Genetic Structure of the Iowa Pleistocene Snail (Discus Maccklintocki)

Project






Principal Investigator:

Kevin Roe

Student Investigator:

Jermaine Mahguib

Collaborators:

 

Duration:

September 2012 to September 2016

Funding Source(s):

Iowa Department of Natural Resources

Goals and Objectives:


The objective of the project is to document genetic diversity, population structure, the extent of gene flow, and historical connections between populations of the Iowa Pleistocene Snail (Discus maccklintocki).


Progress:


Due to issues with the quality of the DNA obtainable from the FTA cards we were not able to use the microsatellites that were developed to survey the populations of D. macclintocki. We instead used three different genes (one mitochondrial, and two nuclear) to assess genetic variation across populations.


Conclusions and Recommendations:


Phylogenetic analysis of each of the three gene portions (not shown) all indicate that D. macclintocki is a monophyletic group and distinct from other species of Discus. Results of the analysis of haplotypes revealed 44 different haplotypes distributed across the 17 IPS sites sampled. Only one of these haplotypes was widespread and was sampled from 12 different sites. Three other haplotypes were shared between two different sites, and the remaining 41 haplotypes were unique and were recovered from a single site only. The relative few shared haplotypes and the large number of unshared haplotypes is consistent with an absence of gene flow between many of the sites.  The few shared haplotypes are possibly indicative of past connections between sites, when the environment was cooler and D. macclintocki was more widespread. This interpretation is supported by the large number of inferred nucleotide substitutions between clusters of haplotypes which indicates the divergence between these clusters is most likely quite ancient. Taken together, these results indicate that IPS sites do appear to represent distinct populations of snails. The conservation implications of these results are that sites occupied by snails should be managed as distinct entities even if these sites reside with the same algific slope. The genetic divergence between the southern and northern sites implies that additional efforts should be made to preserve these more southern sites as they represent genetically distinctive lineages of D. macclintocki. Similarly, IPS 30 appears to represent a phylogenetically distinct lineage of D. macclintocki despite its proximity to other sites and should be protected as an evolutionarily distinct entity.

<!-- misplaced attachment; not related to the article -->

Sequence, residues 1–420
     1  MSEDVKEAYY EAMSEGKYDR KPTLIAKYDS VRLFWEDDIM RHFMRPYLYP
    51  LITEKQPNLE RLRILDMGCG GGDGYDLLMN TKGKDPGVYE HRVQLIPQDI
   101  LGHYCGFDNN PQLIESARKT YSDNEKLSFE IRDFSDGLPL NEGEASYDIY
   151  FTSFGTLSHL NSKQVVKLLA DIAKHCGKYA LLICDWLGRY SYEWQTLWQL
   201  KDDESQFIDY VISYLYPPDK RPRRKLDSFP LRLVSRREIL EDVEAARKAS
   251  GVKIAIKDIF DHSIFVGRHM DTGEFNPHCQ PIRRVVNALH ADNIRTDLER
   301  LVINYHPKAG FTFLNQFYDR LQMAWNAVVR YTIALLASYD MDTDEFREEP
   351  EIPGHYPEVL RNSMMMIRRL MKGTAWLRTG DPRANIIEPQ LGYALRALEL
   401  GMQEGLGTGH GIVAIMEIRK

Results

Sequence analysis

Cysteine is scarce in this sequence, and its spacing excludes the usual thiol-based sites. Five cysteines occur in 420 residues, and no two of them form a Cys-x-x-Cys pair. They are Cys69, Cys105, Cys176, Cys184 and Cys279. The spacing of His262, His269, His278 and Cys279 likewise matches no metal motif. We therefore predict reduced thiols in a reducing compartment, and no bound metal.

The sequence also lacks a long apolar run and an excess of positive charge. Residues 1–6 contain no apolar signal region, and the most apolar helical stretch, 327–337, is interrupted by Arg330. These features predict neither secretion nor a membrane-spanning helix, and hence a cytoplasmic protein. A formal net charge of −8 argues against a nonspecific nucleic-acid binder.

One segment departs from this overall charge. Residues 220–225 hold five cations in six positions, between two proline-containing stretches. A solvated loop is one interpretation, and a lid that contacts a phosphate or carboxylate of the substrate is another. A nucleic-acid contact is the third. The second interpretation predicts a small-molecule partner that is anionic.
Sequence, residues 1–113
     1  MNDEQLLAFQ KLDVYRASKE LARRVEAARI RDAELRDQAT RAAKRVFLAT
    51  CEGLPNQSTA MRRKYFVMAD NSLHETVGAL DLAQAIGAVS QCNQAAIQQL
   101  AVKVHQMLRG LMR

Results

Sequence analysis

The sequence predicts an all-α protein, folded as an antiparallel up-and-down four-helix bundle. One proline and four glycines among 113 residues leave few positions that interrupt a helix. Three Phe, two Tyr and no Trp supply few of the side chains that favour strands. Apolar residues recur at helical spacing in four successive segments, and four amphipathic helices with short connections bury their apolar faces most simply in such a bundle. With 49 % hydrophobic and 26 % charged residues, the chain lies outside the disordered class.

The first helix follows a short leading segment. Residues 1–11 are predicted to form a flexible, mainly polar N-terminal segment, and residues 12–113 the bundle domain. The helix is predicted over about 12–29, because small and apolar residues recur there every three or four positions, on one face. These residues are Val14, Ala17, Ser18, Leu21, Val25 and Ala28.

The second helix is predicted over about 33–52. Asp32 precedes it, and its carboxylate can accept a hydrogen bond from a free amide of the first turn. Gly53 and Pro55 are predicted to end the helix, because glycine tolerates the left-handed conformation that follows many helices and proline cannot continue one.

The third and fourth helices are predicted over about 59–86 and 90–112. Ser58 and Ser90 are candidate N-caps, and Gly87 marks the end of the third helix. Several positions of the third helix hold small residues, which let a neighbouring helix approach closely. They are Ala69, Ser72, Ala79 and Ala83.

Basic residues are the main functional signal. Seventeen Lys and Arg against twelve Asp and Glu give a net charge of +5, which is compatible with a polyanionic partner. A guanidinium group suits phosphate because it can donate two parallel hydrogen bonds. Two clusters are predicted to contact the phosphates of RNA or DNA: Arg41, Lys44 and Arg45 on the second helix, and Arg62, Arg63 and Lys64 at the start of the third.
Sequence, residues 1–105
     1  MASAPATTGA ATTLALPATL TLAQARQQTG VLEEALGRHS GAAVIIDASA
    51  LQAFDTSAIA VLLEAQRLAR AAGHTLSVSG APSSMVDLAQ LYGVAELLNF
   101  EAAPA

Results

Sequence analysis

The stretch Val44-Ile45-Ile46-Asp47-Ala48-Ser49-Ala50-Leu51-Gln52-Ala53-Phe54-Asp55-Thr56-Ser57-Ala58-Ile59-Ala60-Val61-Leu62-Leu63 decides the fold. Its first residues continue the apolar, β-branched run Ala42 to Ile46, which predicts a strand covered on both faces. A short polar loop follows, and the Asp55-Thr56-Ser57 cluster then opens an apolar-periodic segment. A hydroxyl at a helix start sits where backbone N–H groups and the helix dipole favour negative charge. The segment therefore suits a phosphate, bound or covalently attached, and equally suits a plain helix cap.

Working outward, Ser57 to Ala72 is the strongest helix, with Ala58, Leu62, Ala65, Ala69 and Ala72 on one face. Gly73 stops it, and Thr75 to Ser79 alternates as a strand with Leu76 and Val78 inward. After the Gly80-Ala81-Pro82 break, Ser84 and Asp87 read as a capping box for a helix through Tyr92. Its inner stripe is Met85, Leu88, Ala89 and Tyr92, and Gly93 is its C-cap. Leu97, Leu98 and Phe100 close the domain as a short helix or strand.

Duration: 
09/30/2012 to 09/15/2016